Province of Ravenna

The province of Ravenna (Italian: provincia di Ravenna; Romagnol: pruvènza ed Ravèna) is a province in the Emilia-Romagna region of Italy. Its capital is the city of Ravenna. As of 2015, it has a population of 391,997 inhabitants over an area of 1,859.44 square kilometres (717.93 sq mi), giving it a population density of 210.81 inhabitants per square kilometre. Its provincial president is Claudio Casadio.[1]

Province of Italy
Province in Emilia-Romagna, Italy
Province of Ravenna

Coat of arms

Map highlighting the location of the province of Ravenna in Italy
Country  Italy
Region Emilia-Romagna
Capital(s) Ravenna
Comuni 18

  President Michele De Pascale

  Total 1,858 km2 (717 sq mi)

  Total 394,543
  Density 210/km2 (550/sq mi)
Time zone UTC+1 (CET)
  Summer (DST) UTC+2 (CEST)
Postal code
48010-48015, 48017, 48018, 48020, 48022, 48024-48027, 48100
Telephone prefix 0544, 0545, 0546
Vehicle registration RA

. . . Province of Ravenna . . .

Ravenna was first inhabited by Italic tribes from northern regions, and was conquered in 191 BCE by the Roman Republic. A port was constructed near Classe, and the Adriatic fleet was based in Ravenna.[2] In 402 CE, Ravenna became the capital of the Western Roman Empire, which endured until the collapse of the empire and the fall of Rome in 476. Following this, the Barbarian Kings Odoacer and then Theodoric controlled Ravenna until it was conquered by the Byzantine Empire in 540; the Byzantines announced it to be their Exarchate.[2]

It continued to be under Byzantine rule until it was invaded by the Lombards in 751, and it was then annexed by King of the Franks Pippin the Younger.[2] It was placed under papal rule by Pippin the Younger in 756 or 757. Ravenna was subsequently ruled by the Holy See until it was given independence in the 12th century. The papacy gained control again in 1278 and was led by papal vicars until it was invaded by Venice in 1441. The War of the League of Cambrai took place near Ravenna in 1512, in which the papal forces were defeated, but the French forces were almost entirely killed and were driven from Italy. It remained under the rule of the Holy See until it became part of the Kingdom of Italy.[2]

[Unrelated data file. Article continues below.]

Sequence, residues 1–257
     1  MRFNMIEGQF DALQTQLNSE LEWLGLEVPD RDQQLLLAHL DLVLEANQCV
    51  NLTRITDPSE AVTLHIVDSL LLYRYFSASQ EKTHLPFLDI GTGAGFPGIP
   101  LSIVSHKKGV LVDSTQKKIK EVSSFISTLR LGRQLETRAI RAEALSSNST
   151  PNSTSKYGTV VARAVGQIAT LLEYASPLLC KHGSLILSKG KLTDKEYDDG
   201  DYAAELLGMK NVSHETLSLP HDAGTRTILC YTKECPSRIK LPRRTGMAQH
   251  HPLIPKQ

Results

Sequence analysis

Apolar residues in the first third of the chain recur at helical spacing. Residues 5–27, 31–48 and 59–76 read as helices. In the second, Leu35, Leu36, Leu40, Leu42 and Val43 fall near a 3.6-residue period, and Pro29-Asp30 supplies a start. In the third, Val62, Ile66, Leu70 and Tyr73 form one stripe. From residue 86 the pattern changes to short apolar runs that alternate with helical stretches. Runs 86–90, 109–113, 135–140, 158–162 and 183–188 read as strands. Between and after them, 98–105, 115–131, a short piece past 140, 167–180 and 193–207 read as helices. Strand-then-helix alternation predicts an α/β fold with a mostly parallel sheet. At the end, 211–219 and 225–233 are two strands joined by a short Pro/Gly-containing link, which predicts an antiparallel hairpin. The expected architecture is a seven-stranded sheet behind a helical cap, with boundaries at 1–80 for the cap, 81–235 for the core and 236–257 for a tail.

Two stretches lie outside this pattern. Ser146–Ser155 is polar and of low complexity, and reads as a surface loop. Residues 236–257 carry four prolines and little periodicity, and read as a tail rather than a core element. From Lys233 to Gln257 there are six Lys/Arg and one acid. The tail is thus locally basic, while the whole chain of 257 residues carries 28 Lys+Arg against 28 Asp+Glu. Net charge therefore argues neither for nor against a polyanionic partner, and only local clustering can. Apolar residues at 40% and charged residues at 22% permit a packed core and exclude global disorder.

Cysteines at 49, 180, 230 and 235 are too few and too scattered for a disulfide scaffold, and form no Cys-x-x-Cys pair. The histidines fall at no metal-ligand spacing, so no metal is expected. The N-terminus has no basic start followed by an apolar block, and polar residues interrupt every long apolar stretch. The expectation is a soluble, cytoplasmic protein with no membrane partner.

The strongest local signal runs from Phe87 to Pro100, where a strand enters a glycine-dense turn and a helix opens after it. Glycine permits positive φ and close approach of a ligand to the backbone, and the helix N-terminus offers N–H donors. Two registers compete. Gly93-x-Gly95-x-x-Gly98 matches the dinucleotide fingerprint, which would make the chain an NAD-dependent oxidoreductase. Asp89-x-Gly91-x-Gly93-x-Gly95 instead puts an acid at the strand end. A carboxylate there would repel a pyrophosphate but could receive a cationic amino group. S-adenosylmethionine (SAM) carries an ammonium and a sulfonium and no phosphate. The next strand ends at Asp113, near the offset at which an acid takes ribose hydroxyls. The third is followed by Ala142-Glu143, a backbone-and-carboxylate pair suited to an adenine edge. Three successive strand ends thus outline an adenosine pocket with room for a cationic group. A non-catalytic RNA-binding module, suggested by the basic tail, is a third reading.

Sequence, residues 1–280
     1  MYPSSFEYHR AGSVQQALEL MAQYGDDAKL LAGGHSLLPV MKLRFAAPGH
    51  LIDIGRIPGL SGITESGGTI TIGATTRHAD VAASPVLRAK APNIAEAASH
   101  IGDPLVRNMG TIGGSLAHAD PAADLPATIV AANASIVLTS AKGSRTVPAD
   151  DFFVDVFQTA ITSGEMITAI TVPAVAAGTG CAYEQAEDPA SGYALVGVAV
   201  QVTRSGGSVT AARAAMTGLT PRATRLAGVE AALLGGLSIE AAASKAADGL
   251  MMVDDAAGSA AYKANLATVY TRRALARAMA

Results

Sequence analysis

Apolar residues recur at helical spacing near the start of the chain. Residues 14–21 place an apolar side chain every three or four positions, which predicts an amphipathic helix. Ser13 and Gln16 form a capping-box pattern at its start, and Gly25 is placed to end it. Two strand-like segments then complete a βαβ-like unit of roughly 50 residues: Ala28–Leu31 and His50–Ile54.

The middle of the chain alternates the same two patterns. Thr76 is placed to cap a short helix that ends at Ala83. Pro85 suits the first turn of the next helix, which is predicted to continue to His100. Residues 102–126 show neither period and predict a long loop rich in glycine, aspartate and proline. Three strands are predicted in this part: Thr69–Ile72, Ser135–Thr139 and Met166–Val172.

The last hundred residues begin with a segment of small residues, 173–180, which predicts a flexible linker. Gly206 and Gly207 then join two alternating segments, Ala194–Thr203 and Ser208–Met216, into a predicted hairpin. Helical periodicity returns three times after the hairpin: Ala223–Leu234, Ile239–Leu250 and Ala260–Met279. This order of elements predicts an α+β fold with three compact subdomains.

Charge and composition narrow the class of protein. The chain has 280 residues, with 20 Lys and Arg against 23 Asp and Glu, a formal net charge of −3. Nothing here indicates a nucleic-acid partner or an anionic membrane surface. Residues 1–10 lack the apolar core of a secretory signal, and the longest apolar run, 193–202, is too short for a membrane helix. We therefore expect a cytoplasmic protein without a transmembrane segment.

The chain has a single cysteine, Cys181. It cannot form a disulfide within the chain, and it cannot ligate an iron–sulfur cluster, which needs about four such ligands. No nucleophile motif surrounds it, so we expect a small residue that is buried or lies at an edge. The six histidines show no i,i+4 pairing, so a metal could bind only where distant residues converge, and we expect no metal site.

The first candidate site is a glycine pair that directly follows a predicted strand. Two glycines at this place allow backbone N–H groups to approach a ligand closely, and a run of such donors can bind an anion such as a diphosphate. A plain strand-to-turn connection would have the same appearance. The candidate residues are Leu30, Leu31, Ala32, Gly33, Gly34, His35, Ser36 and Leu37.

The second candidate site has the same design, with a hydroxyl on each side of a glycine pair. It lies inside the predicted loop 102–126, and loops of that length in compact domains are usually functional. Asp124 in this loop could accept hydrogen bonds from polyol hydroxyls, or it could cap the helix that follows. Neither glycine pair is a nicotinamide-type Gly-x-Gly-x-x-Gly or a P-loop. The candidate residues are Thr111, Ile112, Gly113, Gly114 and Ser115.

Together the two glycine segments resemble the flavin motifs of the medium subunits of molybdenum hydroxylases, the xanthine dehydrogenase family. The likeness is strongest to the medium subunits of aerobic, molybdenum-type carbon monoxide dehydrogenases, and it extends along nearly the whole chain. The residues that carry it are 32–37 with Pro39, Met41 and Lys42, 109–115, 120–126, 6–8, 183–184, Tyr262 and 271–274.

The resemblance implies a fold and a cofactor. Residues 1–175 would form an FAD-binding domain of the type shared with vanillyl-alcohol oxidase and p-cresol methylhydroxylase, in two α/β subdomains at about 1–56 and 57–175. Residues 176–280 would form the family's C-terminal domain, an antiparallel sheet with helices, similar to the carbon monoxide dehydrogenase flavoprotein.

In 1921, uprisings in Ravenna triggered a rapid advance of the Fascist movement in the region. Buildings belonging to the Republicans and socialists were seized or burnt down by Italo Balbo, and on July 29, he and his men moved throughout the provinces of Ravenna and Forli, burning every socialist organisation headquarters in a night of terror which was later called the “column of fire”. This was a pivotal moment in the advance of Fascism in northern Italy.[3]

The province of Ravenna is one of nine provinces in the region of Emilia-Romagna in the northeast of Italy. It is on the east of the region and abuts onto the Adriatic Sea. The Province of Ferrara lies immediately to the north and the Province of Bologna is to the west. The Metropolitan City of Florence in the region of Tuscany lies to the southwest, and the Province of Forlì-Cesena to the south. The provincial capital is the city of Ravenna, which is situated a few miles inland and is connected to the Adriatic Sea by the Candiano Canal.[4]

. . . Province of Ravenna . . .

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. . . Province of Ravenna . . .